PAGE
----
The arsenal of the Branch Davidians continued to strike out Monday, even as the compound collapsed into an inferno.

Ammunition at the compound exploded as firefighters worked to extinguish the fire.

Waco assistant fire chief R.G. Wilson said some of the ammunition in the compound exploded and hit Waco fire trucks at the scene.

Fire departments from Waco, Bellmead and Northcrest responded to the blaze at the Mount Carmel compound.

Wilson said no firefighters were hurt by the ammunition, and the two Waco fire trucks at the scene only received minimal damage. He said the trucks were fully operational.

Wilson said shell casings, rather than bullets, may have hit the trucks.

Bellmead fire chief James Karl said he could hear popping sounds in the fire that may have also been exploding ammunition.

“There was what sounded like small arms ammunition going off,” Karl said.

He said the sounds also may have come from piles of pressurized canned goods exploding in the heat.

Both chiefs said fighting fires in buildings containing ammunition is very hazardous because the firefighters have no protection from the stray bullets ignited in the flames.

Howell and his followers had amassed a huge arsenal. Included were an estimated four tons of bullets, quantities of black powder and rocket propellants, grenades and anti-tank weapons.

Sources say most of the guns, ammunition and explosives came through two sources: former Hewitt gun dealer Henry McMahon and Branch Davidian Paul Fatta.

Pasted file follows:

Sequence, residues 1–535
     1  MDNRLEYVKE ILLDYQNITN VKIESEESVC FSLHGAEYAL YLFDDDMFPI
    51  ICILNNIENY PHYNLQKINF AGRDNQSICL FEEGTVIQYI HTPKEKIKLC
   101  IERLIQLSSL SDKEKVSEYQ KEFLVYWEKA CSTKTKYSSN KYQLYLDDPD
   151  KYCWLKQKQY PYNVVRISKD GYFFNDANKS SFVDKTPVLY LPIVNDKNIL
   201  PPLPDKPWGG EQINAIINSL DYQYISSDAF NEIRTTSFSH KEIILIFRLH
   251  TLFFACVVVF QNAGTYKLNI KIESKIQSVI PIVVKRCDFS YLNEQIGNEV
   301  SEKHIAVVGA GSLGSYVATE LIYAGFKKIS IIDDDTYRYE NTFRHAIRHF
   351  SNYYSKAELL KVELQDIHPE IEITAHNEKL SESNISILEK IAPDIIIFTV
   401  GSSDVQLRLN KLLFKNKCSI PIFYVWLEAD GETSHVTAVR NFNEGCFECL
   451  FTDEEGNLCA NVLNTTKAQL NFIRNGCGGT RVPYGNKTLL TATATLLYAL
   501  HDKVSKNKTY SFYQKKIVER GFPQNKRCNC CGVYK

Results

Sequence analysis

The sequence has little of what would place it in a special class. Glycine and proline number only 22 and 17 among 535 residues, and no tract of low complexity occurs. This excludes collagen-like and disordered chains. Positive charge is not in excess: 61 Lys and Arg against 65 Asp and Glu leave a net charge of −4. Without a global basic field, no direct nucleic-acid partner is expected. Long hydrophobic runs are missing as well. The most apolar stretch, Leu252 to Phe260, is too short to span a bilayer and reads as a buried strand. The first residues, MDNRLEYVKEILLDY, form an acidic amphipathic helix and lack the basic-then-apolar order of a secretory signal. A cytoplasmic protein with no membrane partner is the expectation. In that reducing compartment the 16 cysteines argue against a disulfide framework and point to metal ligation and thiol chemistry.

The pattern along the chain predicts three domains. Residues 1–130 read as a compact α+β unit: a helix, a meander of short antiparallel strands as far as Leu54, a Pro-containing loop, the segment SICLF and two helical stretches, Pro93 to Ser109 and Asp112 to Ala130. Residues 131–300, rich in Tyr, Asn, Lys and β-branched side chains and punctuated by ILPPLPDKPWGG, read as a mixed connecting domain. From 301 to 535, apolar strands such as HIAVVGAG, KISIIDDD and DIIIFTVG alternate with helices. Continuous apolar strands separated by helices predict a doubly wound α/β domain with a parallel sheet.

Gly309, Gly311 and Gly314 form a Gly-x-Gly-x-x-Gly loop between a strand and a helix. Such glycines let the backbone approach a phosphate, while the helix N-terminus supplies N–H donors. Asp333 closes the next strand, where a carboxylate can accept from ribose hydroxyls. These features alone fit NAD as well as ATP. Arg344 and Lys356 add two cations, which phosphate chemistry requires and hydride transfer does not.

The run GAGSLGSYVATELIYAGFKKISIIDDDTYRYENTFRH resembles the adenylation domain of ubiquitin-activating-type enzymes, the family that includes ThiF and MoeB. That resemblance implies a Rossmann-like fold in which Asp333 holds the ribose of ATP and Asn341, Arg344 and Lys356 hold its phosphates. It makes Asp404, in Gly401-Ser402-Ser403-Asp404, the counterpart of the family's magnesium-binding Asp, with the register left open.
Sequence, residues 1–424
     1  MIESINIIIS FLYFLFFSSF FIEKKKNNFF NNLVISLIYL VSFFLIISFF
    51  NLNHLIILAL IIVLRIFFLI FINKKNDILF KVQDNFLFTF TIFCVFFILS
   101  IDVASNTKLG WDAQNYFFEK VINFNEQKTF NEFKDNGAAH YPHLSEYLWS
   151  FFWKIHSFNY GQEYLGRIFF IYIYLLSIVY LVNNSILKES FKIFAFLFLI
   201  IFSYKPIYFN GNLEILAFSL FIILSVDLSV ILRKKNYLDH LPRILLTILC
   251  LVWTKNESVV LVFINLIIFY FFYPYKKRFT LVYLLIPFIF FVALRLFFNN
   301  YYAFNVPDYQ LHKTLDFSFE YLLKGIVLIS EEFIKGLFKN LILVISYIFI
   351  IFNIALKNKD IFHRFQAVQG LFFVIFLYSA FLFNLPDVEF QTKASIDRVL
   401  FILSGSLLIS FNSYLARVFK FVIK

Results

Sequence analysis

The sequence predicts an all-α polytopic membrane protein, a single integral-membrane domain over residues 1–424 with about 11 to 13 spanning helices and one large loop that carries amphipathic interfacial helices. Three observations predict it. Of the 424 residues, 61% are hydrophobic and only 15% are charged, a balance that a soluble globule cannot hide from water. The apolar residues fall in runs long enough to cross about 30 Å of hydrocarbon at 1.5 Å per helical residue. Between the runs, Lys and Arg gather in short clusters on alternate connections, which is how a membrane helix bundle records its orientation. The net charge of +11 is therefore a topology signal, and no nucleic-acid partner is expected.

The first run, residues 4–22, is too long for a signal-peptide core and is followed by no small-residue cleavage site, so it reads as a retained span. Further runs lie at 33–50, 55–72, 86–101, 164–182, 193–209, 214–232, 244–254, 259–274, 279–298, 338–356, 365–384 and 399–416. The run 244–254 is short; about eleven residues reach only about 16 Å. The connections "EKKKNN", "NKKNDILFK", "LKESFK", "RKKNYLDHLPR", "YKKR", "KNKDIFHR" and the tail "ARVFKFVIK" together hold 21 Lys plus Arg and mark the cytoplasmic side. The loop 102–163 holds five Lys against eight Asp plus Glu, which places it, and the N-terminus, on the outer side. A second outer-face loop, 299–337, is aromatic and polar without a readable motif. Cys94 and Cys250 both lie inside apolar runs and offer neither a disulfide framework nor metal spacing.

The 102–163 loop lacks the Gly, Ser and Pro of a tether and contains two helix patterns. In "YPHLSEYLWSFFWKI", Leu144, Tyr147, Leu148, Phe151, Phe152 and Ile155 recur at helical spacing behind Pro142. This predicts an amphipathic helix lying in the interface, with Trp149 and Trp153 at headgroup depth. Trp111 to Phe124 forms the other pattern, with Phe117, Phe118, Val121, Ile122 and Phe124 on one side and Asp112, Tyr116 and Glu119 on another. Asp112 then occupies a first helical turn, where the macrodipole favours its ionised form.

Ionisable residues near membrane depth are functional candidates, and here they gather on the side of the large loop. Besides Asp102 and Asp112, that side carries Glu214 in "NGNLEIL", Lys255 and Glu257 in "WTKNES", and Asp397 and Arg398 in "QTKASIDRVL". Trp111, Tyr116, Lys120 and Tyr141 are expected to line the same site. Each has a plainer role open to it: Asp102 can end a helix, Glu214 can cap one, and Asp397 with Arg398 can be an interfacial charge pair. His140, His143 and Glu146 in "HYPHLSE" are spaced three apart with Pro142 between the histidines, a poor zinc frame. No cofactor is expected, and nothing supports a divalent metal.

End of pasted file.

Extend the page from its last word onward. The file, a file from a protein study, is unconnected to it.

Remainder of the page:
McMahon helped Howell buy hundreds of semi-automatic assault rifles and Fatta dealt in guns and ammunition through the Mag Bag, a garage operated by Branch Davidian Woodrow Kendricks.

McMahon moved to Pensacola, Fla., several months ago and has cooperated with investigating authorities. Fatta was away from Mount Carmel during the raid and has been a fugitive since early March, when authorities issued a warrant for his arrest.

Although Howell and his followers bought most of the weapons legally, they converted many to automatic, which is illegal. When agents from the Bureau of Alcohol, Tobacco and Firearms raided Mount Carmel, they had a warrant to arrest Howell for possessing automatic weapons and had a warrant to search Mount Carmel.

Read the Tribune-Herald's 7-part investigative series on the inner workings of the Branch Davidians. Hours after Part 2 appeared in print, the ATF raided the group's compound.

Read the Tribune-Herald’s account of the ATF raid on the Branch Davidian compound on Feb. 28, 1993. Four ATF agents and six in the compound were killed in the gunfight.

Read the daily news accounts of the 51-day siege at the Branch Davidian compound near Elk, which began Feb. 28 and lasted until April.

April 19 and beyond: FBI agents began inserting canisters of tear gas into the Branch Davidian compound in the early morning hours. By noon, it was on fire.

Federal officials left the compound site in late May 1993. As identifications of bodies continued, questions about the survivors, the compound and the cult itself began to emerge.

As the world began to take a critical look back at the events and legal proceedings continue, the ATF's bombshell report forces a shakeup at the top after the raid gone "tragically wrong."

In 1994, the surviving Davidians went on trial in San Antonio. Over six weeks, more than 140 witnesses testified, with the verdict coming just two days prior to the anniversary of the ATF raid.

The Rodenville shootout and the 1988 trial, the end of the world in 1959 and more stories from deep in the Trib archives.